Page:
17.5. Consider the model

Suppose Yt-i and vt are correlated. To remove the correlation, suppose we use the following instrumental variable approach: First regress Yt on X1t and X2t and obtain the estimated Yt from this regression. Then regress

Yt = a + 0i Xu + 02 X2t + 03 Yt-i + vt where Yt-i are estimated from the first-stage regression.

a. How does this procedure remove the correlation between Yt-i and vt in the original model?

b. What are the advantages of the recommended procedure over the Liviatan approach?

b. Evaluate the median lag for k = 0.2, 0.4, 0.6, 0.8.

c. Is there any systematic relationship between the value of k and the value of the median lag?

17.7. a. Prove that for the Koyck model, the mean lag is as shown in (17.4.10). b. If k is relatively large, what are its implications?

17.8. Using the formula for the mean lag given in (17.4.9), verify the mean lag of 10.959 quarters reported in the illustration of Table 17.1.

Mt = a + 01Y* + 02 R* + ut where M = demand for real cash balances, Y* = expected real income, and R* = expected interest rate. Assume that expectations are formulated as follows:

where y1 and y2 are coefficients of expectation, both lying between 0 and 1.

a. How would you express Mt in terms of the observable quantities?

b. What estimation problems do you foresee?

Adapted from G. K. Shaw, op. cit., p. 26. ^Optional.

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*17.10. If you estimate (17.7.2) by OLS, can you derive estimates of the original parameters? What problems do you foresee? (For details, see Roger N. Waud.t)

17.11. Serial correlation model. Consider the following model:

Assume that ut follows the Markov first-order autoregressive scheme given in Chapter 12, namely, ut = P ut-1 + St where p is the coefficient of (first-order) autocorrelation and where st satisfies all the assumptions of the classical OLS. Then, as shown in Chapter 12, the model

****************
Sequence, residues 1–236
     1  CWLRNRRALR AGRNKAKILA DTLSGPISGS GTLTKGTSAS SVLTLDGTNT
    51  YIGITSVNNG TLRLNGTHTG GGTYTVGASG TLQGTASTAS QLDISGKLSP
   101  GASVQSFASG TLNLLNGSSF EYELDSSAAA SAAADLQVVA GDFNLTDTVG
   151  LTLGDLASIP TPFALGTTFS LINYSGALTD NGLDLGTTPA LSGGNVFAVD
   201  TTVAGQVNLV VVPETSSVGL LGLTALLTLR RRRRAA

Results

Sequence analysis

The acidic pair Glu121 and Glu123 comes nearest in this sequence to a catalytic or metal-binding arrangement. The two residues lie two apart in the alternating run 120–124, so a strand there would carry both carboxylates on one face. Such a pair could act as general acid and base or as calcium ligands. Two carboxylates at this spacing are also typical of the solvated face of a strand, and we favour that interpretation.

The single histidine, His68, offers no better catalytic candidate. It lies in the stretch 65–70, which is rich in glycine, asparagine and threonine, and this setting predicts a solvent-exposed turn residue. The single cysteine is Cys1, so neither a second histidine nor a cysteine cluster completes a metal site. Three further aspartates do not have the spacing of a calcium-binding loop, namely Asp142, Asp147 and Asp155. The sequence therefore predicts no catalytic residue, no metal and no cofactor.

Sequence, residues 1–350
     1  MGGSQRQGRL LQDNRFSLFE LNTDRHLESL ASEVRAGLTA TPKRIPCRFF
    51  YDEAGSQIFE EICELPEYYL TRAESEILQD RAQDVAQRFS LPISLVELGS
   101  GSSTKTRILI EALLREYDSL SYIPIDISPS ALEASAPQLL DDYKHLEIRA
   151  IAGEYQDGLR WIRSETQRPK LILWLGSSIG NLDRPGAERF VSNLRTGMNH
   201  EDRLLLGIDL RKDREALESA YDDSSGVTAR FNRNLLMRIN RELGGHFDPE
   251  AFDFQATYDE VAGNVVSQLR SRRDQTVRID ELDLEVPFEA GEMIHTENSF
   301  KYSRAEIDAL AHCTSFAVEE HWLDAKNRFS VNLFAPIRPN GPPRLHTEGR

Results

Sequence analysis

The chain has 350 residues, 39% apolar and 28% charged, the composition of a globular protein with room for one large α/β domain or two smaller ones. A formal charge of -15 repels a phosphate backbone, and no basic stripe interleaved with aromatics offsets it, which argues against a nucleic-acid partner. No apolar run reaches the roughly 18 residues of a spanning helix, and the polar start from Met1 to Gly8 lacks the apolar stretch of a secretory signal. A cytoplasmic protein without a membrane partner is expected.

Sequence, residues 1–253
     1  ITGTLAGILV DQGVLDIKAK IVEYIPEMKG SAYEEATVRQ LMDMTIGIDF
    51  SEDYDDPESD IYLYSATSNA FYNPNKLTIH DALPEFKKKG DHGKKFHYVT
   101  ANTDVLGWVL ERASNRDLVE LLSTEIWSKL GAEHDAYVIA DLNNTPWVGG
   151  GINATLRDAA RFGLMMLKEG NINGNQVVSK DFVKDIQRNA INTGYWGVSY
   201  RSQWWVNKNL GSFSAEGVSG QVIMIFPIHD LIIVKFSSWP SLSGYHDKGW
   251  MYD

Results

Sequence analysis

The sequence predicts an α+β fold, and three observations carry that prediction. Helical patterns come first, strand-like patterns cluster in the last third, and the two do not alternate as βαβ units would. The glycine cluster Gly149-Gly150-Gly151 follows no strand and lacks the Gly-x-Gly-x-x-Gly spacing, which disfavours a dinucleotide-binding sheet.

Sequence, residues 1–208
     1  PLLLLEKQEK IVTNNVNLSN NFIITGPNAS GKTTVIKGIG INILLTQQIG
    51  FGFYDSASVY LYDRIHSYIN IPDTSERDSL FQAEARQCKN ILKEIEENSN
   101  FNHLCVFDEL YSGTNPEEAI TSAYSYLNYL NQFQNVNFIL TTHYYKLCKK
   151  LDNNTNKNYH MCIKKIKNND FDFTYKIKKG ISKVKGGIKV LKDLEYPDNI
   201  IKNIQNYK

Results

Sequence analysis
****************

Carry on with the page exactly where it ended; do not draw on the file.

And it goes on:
Yt = a(1 - p) + p(Xt - pXt-1) + p Yt_1 + St will have a serially independent error term, making OLS estimation possible. But this model, called the serial correlation model, very much resembles the Koyck, adaptive expectation, and partial adjustment models. How would you know in any given situation which of the preceding models is appropriate?*

17.12. Consider the Koyck (or for that matter the adaptive expectation) model given in (17.4.7), namely,

Suppose in the original model ut follows the first-order autoregressive scheme ut - pu1-t = st, where p is the coefficient of autocorrelation and where St satisfies all the classical OLS assumptions.

a. If p = X, can the Koyck model be estimated by OLS?

b. Will the estimates thus obtained be unbiased? Consistent? Why or why not?

c. How reasonable is it to assume that p = X?

17.13. Triangular, or arithmetic, distributed-lag model.§ This model assumes that the stimulus (explanatory variable) exerts its greatest impact in the current time period and then declines by equal decrements to zero as one goes into the distant past. Geometrically, it is shown in Figure 17.9. Following this distribution, suppose we run the following

"Optional.

"f'Misspecification in the 'Partial Adjustment' and 'Adaptive Expectations' Models," International Economic Review, vol. 9, no. 2, June 1968, pp. 204-217.

*For a discussion of the serial correlation model, see Zvi Griliches, "Distributed Lags: A Survey," Econometrica, vol. 35, no. 1, January 1967, p. 34.

§This model was proposed by Irving Fisher in "Note on a Short-Cut Method for Calculating Distributed Lags," International Statistical Bulletin, 1937, pp. 323-328.

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succession of regressions:

etc., and choose the regression that gives the highest R2 as the "best'' regression. Comment on this strategy. 17.14. From the quarterly data for the period 1950-1960, F. P. R. Brechling obtained the following demand function for labor for the British economy (the figures in parentheses are standard errors)*:

E = 14.22 + 0.172Qt - 0.028t - 0.0007t2 - 0.297Et-1 (2.61) (0.014) (0.015) (0.0002) (0.033)

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